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Darwin’s Theories And Marketing


Darwin's Theories And Marketing

Why did Delta, Northwest, US Airways and United Airlines go bankrupt? Why were C2 and Pepsi Edge such notable failures? One answer might be “divergence.” Over time, every category breaks up into multiple categories, creating chaos for companies that try to keep their brands in the mainstream of the market.

Charles Darwin

Divergence is the least understood, most powerful force in the universe. In his book The Origin of Species, Charles Darwin called divergence the driving force that creates a new species.

In our book The Origin of Brands, we use Darwin’s concept to describe the process that takes place to create a new category. What starts off as a single category (the mainframe computer, for example) winds up as multiple categories — mainframes, mid-range, desktops, laptops, handhelds, servers, etc.

Each of these developing categories represents an opportunity to build a new brand. Digital, Compaq, Dell and Palm, for example.

There are two forces at work in nature, according to Darwin. One is a gradual change from an ancestral to a current condition. (A process biologists call “anagenesis.”)


The other is divergence, a splitting of the ancestral tree to create new branches. (Biologists call this “cladogenesis.”)

Anagenesis produces strawberries the size of plums. It just won’t turn a strawberry into a plum. It takes cladogenesis or divergence to do that.

Darwin called the first force “natural selection,” or the survival of the fittest. The competition between individuals improves the species.

Two hundred years ago, the average American adult male was 5 feet 7 inches tall. Today the average American adult male is 5 feet 9 inches tall. That’s evolution at work.

The second force of nature is the principle of “divergence.” Random changes or mutations create an incipient new species and then the competition between species drives them apart.

First Portable Computer

The first portable computer, introduced in 1982 by Compaq Computer, weighed 18 pounds. Essentially a slimmed-down desktop with a handle, the product was called a “luggable” computer by many users.

Compare today’s desktop with today’s portable computer (now called a laptop.) On my desk is a Dell computer (29 pounds), a Sony monitor (17 pounds) and a Microsoft keyboard and mouse (3.5 pounds). Total weight: 49.5 pounds.

On the road, however, I carry a Toshiba Portege, which weighs just 4.5 pounds. No longer can you put a handle on a desktop computer and call it a “portable.” The portable or laptop computer has diverged from the desktop computer. The process never stops. Today the laptop category is in the process of dividing into full-featured machines that weigh 6 pounds to 8 pounds and ultralight machines that weigh 3 pounds to 4 pounds.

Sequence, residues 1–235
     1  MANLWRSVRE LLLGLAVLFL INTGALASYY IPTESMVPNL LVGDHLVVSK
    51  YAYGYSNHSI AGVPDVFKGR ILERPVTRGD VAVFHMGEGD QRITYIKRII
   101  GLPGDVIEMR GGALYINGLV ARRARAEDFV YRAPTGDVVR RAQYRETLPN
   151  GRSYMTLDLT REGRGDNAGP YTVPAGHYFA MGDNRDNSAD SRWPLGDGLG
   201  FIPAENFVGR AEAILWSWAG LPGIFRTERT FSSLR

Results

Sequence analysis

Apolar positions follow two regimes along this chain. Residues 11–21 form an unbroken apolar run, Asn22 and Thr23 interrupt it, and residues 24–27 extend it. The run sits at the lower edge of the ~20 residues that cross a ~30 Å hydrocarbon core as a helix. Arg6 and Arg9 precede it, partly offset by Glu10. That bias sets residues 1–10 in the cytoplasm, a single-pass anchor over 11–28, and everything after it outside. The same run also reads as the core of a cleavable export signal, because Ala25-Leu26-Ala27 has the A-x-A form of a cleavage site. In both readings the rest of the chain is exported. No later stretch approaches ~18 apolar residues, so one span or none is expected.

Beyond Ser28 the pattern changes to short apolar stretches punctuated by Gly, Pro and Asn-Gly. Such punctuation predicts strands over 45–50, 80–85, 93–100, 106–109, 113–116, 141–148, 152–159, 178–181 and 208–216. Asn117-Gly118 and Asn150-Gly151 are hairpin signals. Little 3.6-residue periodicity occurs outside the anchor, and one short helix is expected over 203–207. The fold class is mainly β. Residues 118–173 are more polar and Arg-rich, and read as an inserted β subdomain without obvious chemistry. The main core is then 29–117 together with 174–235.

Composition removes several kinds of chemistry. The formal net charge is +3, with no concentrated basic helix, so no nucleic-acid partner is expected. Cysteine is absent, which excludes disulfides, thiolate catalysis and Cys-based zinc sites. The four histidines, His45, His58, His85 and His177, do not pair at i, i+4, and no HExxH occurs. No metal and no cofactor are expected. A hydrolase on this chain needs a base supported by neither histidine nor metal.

If you’re in the laptop computer business, your instincts might lead you in the opposite direction. If you think of “the” customer as a single identity, you might try to satisfy the customer’s every wish.

Compromise Brands

As a result, you might decide that your laptop computer needs to be a compromise. As full featured as possible and as light as possible. In other words, you would put your product right in the middle of the market where there is no market.

In Darwin’s words, “nature favors the extremes.” The “sweet spot” of a market is an illusion that soon gives way to multiple sweet spots. So which spot do you want your brand to occupy?

Darwin writes about a human example of the pressure that nature exerts on species to diverge. “As with mariners shipwrecked near a coast, it would have been better for the good swimmers if they had been able to swim still further, whereas it would have been better for the bad swimmers if they had not been able to swim at all and had stuck to the wreck.”

If sailors were a species, given enough time and enough shipwrecks, there would eventually be two species of sailors: swimmers and non-swimmers. Again, the mushy middle is the place to avoid.

Wal-Mart Vs. Saks

Look at department stores. Wal-Mart and Target do well at the low end and Saks Fifth Avenue, Neiman Marcus and Nordstrom do well at the high end. It’s Sears and JC Penney that are caught in the mushy middle.

In groceries, Wal-Mart has become the leading chain at the low end while Whole Foods is rolling along at the high end. It’s the supermarket chains in the middle that are having problems. Kroger, the largest pure grocery chain, lost $21 million last year while Whole Foods made $115 million.

In air travel, no-frills airlines like Southwest, Airtran and JetBlue are flying high along with NetJets and the corporate jet market at the high end. It’s the traditional airlines like American, United and Delta that are suffering in the mushy middle.

Coke’s C2 Disaster

In carbonated beverages, Coca-Cola (150 calories) and Diet Coke (0 calories) are big successes while its half-and-half brand, C2 (75 calories), has gone nowhere. If you want your company to live a long and happy life, it’s not enough to “evolve” your brands to keep up with competition. You also need to look for opportunities to launch new brands to take advantage of diverging categories.

Toyota responded to the pressure to diverge by introducing Lexus, a high-end brand which has become the biggest-selling luxury car in America.

In the world of business, you need to practice divergence as well as evolution.

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